Further to the Extra-ordinary meeting last week, we wanted to send around an update on workload issues.   

Trac sign off  

Firstly, thanks for your time in reading and responding to the TRAC / SWARM sign off post and, for those of you who are academics, for taking the time to consider whether you are able to sign off TRAC.   Some of you who have chosen not to sign it off may be receiving emails asking them to do so. We have drafted a template email that you may wish to use as a basis for your response (see your mailbox).

What is the impact of not signing off TRAC, both personally and for the institution?  At a personal level, some members have refused to sign off TRAC for the last few years and have had a couple of follow up emails asking why, in response to which we have outlined our position and refusal to sign (as in the example letter below), and that has been the end of it.  At the institutional level, TRAC is linked to future research income.  TRAC data determines the rates that UKRI allows us to charge in order to recover the overheads associated with research activity. If, say, more than 25% of the University staff on TRAC were to refuse to sign, we understand that the University would go onto ‘default rates’, which would be worse for the University than the current rates.  However, there is a tolerance for the amount of people that sign off, and there needs to be a minimum 75% sign-off rate for each discipline.  It is precisely this link to research funding that makes it a helpful tool in bringing to the University’s attention our concerns with workload, when other methods have not been as successful as we would like. We know that this is having an impact at the highest levels, which is great news!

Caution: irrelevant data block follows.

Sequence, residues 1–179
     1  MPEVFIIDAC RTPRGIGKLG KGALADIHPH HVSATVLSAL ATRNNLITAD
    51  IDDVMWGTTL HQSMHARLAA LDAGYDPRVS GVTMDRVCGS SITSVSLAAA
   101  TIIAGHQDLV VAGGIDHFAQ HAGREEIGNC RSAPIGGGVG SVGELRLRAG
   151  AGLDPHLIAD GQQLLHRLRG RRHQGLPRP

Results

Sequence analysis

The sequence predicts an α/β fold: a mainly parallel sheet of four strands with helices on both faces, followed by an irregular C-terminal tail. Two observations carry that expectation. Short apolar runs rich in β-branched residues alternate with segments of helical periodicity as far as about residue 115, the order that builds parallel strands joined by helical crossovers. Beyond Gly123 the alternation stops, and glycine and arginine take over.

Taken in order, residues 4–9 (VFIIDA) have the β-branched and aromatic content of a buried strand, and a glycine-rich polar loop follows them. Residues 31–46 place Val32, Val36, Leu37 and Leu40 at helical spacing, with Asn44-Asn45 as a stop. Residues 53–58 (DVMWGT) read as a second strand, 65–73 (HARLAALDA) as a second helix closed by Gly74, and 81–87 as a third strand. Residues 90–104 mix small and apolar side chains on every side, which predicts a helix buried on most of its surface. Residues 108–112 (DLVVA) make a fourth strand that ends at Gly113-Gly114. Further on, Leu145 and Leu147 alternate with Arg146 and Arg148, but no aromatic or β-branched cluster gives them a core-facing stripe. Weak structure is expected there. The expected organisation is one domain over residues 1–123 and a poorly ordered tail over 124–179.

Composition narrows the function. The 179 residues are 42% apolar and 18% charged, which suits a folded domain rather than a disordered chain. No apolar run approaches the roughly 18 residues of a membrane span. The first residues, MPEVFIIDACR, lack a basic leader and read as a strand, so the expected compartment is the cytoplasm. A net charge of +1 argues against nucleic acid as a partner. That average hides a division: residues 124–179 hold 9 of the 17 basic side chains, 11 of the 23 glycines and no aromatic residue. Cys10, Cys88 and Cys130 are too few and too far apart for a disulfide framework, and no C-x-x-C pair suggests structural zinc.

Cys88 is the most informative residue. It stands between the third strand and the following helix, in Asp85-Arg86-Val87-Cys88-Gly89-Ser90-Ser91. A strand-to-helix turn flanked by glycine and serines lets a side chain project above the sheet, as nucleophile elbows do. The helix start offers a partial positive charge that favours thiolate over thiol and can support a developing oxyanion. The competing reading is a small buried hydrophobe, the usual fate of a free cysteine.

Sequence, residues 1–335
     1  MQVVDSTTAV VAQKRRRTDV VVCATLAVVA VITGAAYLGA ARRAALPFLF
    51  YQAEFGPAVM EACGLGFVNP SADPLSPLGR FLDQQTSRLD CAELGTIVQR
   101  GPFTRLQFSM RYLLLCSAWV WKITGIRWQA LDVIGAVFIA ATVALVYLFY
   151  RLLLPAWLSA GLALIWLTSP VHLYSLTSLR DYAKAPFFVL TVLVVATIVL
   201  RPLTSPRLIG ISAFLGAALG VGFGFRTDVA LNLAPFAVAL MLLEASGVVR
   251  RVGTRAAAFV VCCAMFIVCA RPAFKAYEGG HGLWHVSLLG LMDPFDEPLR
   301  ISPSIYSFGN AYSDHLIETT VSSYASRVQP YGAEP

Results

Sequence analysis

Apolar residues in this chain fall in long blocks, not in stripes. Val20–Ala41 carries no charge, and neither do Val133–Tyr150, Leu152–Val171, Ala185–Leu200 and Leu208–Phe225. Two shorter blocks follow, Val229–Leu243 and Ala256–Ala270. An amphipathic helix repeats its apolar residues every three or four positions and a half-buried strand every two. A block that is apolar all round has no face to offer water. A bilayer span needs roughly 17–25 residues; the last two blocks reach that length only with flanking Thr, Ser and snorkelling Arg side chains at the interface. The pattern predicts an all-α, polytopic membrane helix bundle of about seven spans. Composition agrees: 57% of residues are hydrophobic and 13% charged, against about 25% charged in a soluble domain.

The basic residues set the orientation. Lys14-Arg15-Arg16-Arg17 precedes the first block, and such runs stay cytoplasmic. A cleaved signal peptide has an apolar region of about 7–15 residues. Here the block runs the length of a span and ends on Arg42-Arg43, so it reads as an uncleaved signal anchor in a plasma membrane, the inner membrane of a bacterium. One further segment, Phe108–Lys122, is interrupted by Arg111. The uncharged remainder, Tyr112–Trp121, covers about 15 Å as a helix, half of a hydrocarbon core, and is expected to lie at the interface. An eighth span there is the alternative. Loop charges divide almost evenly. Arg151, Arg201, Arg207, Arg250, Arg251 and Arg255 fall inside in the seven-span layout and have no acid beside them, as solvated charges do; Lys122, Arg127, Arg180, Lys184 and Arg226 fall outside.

UCU representation on workload issues   

Following the survey that many of you kindly responded to a few months ago, the Academic Workload Planning Meeting have been discussing setting up a ‘Task and Finish group’ to discuss UCU concerns about workload / SWARM.  Initially this was to be accompanied by a Reference Group (which would have a sample of staff to track the time that different tasks take in order to review and update SWARM).  This Reference Group is looking unlikely to go ahead, which makes the idea of a ‘Task and Finish Group’ less helpful.  However, at the same time, it is another opportunity for us to continue to raise concerns about workload and the inaccuracy of the SWARM model.  We are currently feeding in comments on the terms of reference for the group and will continue to raise the issue of workload at the Academic Workload Planning meeting and other forums.      

Strategy, next steps and input   

More broadly, we hope that raising the issue of TRAC returns will help management to understand some of the limits of the current SWARM modelling and help to focus minds on the urgent need to tackle workload issues.  Specifically, the need for sustainable workloads and that all staff are consulted about their workloads on an ongoing basis and have input into management decisions.     

While this is our overarching aim, if you have any specific views on concrete next steps and / or more immediate / intermediary asks we could usefully push for, while the issue of TRAC/SWARM is focusing people’s minds, would be much appreciated.   

Finally, if you have any further questions or queries, please let us know.  If there is anything you would like to raise around workload, please contact our H&S workload rep Abi Dymond.  The next Academic Workload Steering Meeting is on the 8th June so any feedback before then would be especially appreciated!   

Best wishes,   

EUCU Committee